It was only days after that Fr. Rother's own name appeared on the death lists. At the urging of his parish staff, he fled the country and returned to Oklahoma, but he was troubled in spirit. He felt like he had deserted his people under fire. For three months he struggled. He missed his parish dreadfully, and was pulled to return, to be with his people. With his bishop's blessing, he returned to Santiago Atitlan in April, in time for Holy Week.

Twenty-five years ago today, on the night of July 28, three masked soldiers broke into the rectory and forced the doorkeeper to take them to Fr. Rother's room. Defying orders to keep quiet, the doorkeeper shouted, "Father, they are here for you!" The soldiers burst into Fr. Rother's room. The doorkeeper heard Father cry out, "No, I will not go with you. You will have to kill me here." He was badly beaten, but continued to resist being taken away, and they finally did kill him right there, with two gunshots and a stab wound in the back.

Fr. Rother's family wanted the body returned to Oklahoma for burial. However, understanding that his people in Santiago Atitlan also wanted their martyred pastor to rest among them, the family allowed his heart and a vial of his blood to be removed from the body to remain in his parish; to the Mayans, the spirit of a person resides in the blood. So the heart of this courageous priest of God is enshrined in his parish church, forever with the people he served even to his own death.


Wednesday, July 26, 2006

"He who wants to win the world for Christ must have the courage to come in conflict with it."

Today is the memorial of Blessed Titus Brandsma, a Carmelite priest and martyr.

Titus, whose birthname was Anno, was born to a Friesian family in the late 1800's. After secondary school, he entered the Carmelite community, became a priest. and earned a doctorate on philosophy in Rome. He then became a university professor, and was the president ("rector magnificus") of his university for a time. He also was very active in Catholic journalism, becoming, eventually, the head of Holland's Catholic journalists' guild. This is an image of his international press pass:

When the Nazis took over Holland, the Catholic Church was blatently and loudly in opposition to them. The bishops forbade communion to any Catholics known to support the National Socialists, and regularly denounced the Nazi perversions from their pulpits. In fact, in Holland, the Catholics were sent to the concentration camps first, before anybody else; St. Edith Stein was also martyred in this time. Fr. Brandsma was deeply involved in the resistance to the National Socialists, and was already feeling the heat, but the final straw that got him arrested was that the Nazis has issued a law that all newspapers must print the officially-issued Nazi propaganda. The bishops forbade any Catholic periodical from publishing any of that material, and Fr. Brandsma, as their messenger, was to personally deliver the ban to the Catholic press; he had visited fourteen journalists when the powers caught up with him and arrested him.

He was imprisoned in two penitentiaries in Holland that had been taken over by the Nazis, before being deported to Dachau. His chronically ill health forced him to the "hospital" of Dachau in mid-June of 1942, where he was subjected to medical experimentation before being killed by lethal injection on July 26.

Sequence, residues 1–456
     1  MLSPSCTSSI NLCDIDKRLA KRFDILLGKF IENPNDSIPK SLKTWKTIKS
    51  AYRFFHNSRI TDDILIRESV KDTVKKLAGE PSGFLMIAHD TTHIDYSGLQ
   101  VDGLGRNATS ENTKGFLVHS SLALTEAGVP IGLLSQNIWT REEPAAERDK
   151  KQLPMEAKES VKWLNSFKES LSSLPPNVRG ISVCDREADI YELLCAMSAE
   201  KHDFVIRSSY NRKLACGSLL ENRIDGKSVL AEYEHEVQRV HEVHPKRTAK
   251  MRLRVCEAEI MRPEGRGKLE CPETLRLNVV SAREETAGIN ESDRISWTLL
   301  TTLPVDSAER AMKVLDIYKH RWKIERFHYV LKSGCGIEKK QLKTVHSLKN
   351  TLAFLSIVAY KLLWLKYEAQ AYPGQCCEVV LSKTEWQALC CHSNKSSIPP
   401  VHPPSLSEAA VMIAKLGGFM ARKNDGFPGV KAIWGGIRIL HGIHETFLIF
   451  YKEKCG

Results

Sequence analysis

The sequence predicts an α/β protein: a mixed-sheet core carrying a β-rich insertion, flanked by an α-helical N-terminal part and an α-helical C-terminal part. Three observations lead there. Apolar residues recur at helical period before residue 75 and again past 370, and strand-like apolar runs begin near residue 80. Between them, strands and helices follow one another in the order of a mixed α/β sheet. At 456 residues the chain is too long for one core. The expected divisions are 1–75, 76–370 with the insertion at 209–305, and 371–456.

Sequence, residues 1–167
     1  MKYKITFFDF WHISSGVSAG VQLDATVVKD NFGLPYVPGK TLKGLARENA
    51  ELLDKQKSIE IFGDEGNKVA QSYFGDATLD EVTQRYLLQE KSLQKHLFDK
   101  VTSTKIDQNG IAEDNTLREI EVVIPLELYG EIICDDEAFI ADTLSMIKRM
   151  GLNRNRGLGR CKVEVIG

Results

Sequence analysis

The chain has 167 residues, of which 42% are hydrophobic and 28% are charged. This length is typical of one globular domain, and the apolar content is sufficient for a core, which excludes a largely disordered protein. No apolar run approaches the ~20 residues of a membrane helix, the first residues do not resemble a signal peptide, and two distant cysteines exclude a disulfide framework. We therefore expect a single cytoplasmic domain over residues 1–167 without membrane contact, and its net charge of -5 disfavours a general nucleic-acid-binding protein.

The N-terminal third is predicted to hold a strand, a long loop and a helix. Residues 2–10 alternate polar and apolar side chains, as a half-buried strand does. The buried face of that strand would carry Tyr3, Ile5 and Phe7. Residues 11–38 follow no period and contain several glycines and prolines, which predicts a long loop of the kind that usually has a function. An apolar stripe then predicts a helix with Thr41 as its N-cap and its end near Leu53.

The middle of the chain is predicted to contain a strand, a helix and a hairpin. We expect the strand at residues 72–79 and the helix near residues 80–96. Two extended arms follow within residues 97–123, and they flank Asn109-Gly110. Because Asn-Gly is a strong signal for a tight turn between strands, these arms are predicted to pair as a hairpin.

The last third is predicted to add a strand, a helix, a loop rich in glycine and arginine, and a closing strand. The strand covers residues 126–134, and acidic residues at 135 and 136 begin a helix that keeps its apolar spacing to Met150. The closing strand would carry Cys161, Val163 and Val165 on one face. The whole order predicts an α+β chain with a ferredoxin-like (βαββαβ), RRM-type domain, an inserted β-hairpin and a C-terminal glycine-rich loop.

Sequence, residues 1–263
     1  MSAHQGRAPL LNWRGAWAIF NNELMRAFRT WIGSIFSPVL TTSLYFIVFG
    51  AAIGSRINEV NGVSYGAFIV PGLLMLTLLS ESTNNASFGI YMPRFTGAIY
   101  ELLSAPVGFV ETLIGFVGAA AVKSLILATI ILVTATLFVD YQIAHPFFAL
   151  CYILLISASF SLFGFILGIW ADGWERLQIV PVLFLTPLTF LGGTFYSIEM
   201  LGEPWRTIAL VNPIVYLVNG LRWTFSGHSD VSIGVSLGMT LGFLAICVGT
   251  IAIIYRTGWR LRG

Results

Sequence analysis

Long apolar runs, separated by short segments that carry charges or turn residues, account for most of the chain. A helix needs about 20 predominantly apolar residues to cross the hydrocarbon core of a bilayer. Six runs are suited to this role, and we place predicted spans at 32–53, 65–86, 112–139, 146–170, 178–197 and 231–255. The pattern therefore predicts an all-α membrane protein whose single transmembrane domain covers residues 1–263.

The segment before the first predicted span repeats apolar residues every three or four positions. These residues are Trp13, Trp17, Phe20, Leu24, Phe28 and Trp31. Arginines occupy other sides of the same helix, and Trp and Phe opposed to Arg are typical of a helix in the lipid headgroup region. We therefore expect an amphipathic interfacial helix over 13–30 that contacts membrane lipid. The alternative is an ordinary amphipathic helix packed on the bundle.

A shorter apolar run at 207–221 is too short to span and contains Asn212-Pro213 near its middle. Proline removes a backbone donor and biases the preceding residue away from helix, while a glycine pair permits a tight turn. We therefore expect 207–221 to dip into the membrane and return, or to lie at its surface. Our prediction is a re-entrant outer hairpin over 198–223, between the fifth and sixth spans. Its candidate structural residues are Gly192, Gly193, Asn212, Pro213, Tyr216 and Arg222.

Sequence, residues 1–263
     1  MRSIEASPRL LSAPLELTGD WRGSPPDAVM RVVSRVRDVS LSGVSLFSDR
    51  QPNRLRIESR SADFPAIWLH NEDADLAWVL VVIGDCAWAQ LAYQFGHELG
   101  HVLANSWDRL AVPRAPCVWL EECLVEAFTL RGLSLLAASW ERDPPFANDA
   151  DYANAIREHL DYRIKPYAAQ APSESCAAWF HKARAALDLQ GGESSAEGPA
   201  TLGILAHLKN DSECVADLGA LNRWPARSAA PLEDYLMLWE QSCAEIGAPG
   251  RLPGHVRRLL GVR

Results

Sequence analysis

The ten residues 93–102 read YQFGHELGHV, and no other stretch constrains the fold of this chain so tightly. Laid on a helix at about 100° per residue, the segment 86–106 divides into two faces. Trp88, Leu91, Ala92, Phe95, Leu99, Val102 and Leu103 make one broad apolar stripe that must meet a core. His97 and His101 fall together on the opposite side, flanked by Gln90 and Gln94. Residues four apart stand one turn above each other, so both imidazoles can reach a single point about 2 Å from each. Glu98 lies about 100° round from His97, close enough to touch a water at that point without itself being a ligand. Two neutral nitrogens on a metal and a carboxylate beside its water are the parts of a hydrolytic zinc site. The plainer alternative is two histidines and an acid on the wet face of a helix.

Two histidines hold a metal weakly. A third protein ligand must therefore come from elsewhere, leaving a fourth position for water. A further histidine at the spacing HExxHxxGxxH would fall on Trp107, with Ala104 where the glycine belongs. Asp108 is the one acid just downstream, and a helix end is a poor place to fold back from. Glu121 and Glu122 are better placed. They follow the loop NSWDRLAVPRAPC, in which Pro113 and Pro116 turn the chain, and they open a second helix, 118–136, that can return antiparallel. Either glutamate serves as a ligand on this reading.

A poem written by Fr. Brandsma during his imprisonment:

A new awareness of Thy love
Encompasses my heart:
Sweet Jesus, I in Thee and Thou
In me shall never part.

No grief shall fall my way but I
Shall see Thy grief-filled eyes;
The lonely way that Thou once walked
Has made me sorrow-wise.

All trouble is a white-lit joy
That lights my darkest day;
Thy love has turned to brightest light
This night-like way.

If I have Thee alone,
The hours will bless
With still, cold hands of love
My utter loneliness.

Stay with me, Jesus, only stay;
I shall not fear
If, reaching out my hand,
I feel Thee near.


Saturday, July 22, 2006

Mary Magdalen, Icon of Ministry

another meditation on the life of St. Mary Magdalen, which has been forwarded into my inbox five times in the last four days. One of the forwards credits it to "BenetVision", a Benedictine apostolate in Pennsylvania, which means that the author may be Sister Joan of Erie......

For want of a better word, it is at least interesting that one of the strongest women in the Christian Scripture is caught in an aura of confusion. What people think they know about her has for centuries overshadowed who she really is. What people expect to see when they look at her, in other words, is what keeps her from being fully seen for what she was in herself then, and what she means to us today.

To clear up the situation at the outset: Mary Magdalene is not "the repentant woman" of Scripture. She was not "the woman of the city who was a sinner." The evidence is clear: The same evangelist, Luke, introduces both figures, one in chapter 7 of his gospel, the other one immediately afterwards in chapter 8. For the first woman, the one "who was a sinner," he gives no name and no identification at all. She is simply a woman of the streets, a prostitute probably, who breaks into a male enclave to show them that she is not interested in them at all. She is intent only on the One among them who allows her to be a person rather than a thing.